Top 5 Best Designed Restaurants
The quality of food served at a restaurant is undoubtedly what gets a customer to return, not the level of service or ambience. Don’t believe us? How else do you explain the enduring popularity of places such as Tsui Wah and Kau Kee in Hong Kong: places that serve up absolutely delicious bowls of noodles and Hainan chicken rice, but not exactly topping the charts in terms of atmosphere or décor.
Having said that, the thought that goes into the interior design of a restaurant is also important. It sets the tone, giving diners cues as to what to expect, both in terms of food and the general dining experience. This week, in honour of ArtHK, we select five of the restaurants that have put the most thought into their interior design in Hong Kong, giving just that extra edge to the customers’ experience there.
Hong Kongers love buffets. Whether it is a love of queueing, bargains, fresh seafood, or a combination of the above, buffet restaurants enjoy an astonishing popularity in Hong Kong. Of course, we like our buffet restaurants, too, but it’s not often that you’ll find us raving about the design or layout of one. That is, apart from The Market at Hotel Icon. Hotel Icon is already itself a beautiful place: the building itself is designed by Rocco Yim; the impressive vertical garden in the lobby is by French creator Patrick Blanc; a suite is designed by Vivienne Tam; while the staff’s uniforms are designed by Barney Cheng. The Market, however, is designed by Terence Conran and we love the layout of the place. Inspired by the street markets of Asia, a special pastry section shows off all the freshly baked breads and pastries; all the food is focused in one room while diners are seated in another, preventing that special type of chaos which usually arises when the dining tables and the buffet tables are too closely spaced. There is a large outdoor garden, as well as a private room that seats 12. All in all, The Market makes for a very civilised and refined buffet experience.
2/F Hotel Icon, 17 Science Museum Road, Tsim Sha Tsui East. Tel: +852 3400-1308.
Bettys Kitschen (now renamed as St Betty)
When Bettys Kitschen first opened in IFC, diners were extremely excited to try the first Hong Kong venture of restaurateur Alan Yau, whose empire includes Hakkasan, Yauatcha and Wagamama in London. While we have heard mixed opinions about the highly-priced modern European cuisine and the interesting uniforms of the waitstaff at Bettys, there is no denying that everyone loves the space itself. Designed by Andre Fu, a local designer whose other projects include Upper House in Admiralty, Bettys Kitschen aims to create a postmoidern “cucina rustica”. As such, boxes of green produce are stacked artistically by the entrance, which reflects the high quality of produce flown in from all over Europe, which are used in the kitchen. Plants line the back wall, creating a living green wall for the more secluded dining tables at the back of the restaurant. Combined with the stylised ceiling fans, funky light fixtures and an ocean view, this is definitely one beautiful restaurant.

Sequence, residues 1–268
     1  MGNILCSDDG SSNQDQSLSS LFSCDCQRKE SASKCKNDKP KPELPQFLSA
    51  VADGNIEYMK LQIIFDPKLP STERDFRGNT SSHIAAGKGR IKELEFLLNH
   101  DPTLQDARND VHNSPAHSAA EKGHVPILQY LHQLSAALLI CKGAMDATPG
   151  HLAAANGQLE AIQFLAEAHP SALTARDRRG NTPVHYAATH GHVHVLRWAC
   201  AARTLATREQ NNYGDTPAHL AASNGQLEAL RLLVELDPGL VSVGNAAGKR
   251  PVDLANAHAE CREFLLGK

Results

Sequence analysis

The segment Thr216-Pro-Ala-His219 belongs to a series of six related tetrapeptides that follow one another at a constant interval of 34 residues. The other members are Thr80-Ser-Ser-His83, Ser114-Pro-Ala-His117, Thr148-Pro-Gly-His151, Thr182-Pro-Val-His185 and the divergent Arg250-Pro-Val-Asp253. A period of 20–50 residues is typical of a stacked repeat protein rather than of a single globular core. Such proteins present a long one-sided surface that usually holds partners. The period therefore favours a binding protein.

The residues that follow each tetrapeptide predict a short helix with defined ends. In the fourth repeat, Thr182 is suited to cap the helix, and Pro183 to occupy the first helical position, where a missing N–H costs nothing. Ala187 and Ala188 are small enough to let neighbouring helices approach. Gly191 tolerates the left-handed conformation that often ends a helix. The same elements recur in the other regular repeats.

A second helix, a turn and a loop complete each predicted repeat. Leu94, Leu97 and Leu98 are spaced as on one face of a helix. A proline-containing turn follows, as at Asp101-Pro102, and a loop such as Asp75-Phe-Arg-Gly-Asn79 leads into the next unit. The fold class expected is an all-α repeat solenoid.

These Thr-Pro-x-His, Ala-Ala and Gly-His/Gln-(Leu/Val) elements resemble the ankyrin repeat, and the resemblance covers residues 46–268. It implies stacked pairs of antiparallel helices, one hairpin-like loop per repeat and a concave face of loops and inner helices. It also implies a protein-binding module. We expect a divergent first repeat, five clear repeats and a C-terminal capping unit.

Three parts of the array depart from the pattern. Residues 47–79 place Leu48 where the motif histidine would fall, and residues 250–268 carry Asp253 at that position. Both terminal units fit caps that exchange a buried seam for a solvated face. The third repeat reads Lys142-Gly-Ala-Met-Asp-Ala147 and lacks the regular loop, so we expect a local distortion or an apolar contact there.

Shop 2075, IFC Mall, 8 Finance Street, Central. Tel: +852 2979-2100.
Click here to recreate brunch, Bettys Kitschen-style.
When we have friends visiting, one of our favourite places to take them is to The Pawn in Wan Chai. Not only do we love chef Anthony Fletcher’s new menu, but the restaurant is a fantastic example of taking Hong Kong’s few remaining heritage buildings and utilising it in a modern way. In collaboration with local artist and film director Stanley Wong (also known as anothermountainman), Press Room Group created a multi-story space that includes a Dining Room, Living Room and a lovely rooftop. To keep The Pawn rooted in its history, design elements such as recycled timber and Chinese accordion-style shutter gates are used. Other winks at its history include a collage of traditional neon paw-shop signs, as well as a raised food service station which imitates the high counters found in traditional Chinese pawn shops. Finally, next time you visit The Pawn, make sure to have another look at the Baroque wallpaper panels, created by local artist Tsang Kin-wah.
62 Johnston Road, Wan Chai. Tel: +852 2866-3444.
AMMO has just opened in the Asia Society Hong Kong Centre, formerly home to the Admiralty’s Explosives and Ammunitions Magazine, but this modern European restaurant, opened by the people behind The Drawing Room in Causeway Bay, is already making waves in design circles. The interiors are done by Joyce Wang, whose previous work includes the Hollywood Roosevelt Hotel. AMMO features floor-to-ceiling windows, unadorned light bulbs plus most impressively, a spiral staircase inspired by Jean-Luc Godard’s Alphaville, which doesn’t touch the floor but rather hangs like a sculpture.
Asia Society Centre, 9 Justice Drive, Admiralty.
When Buzz Concepts first opened Lily & Bloom at LKF Hotel in 2010, Hong Kong was just starting to become enthralled with the industrial-chic hipster spaces that were so popular in New York. So when this modern American restaurant opened and we found out that the space was created in partnership with The Mangkut Group and New York-based design firm AvroKO, everyone flocked to take a look at this two-floor venue. And it did not disappoint. We like the long raw bar downstairs, with its red banquettes and eclectic light fixtures that would not look out of place in Victorian England. More impressively, we fell in love with the back area of the dining room, with its hanging chandelier which dangles from Lily above. And while everyone should always wash their hands before eating, the decadent bathroom at Bloom makes this dull ritual a sheer pleasure. All in all, it is no surprise that the restaurant and bar won the “Best Restaurant Design Worldwide” at the 2011 Hospitality Architecture and Design Awards.
5 and 6/F, LKF Tower, 33 Wyndham Street, Central. Tel: +852 2810-6166.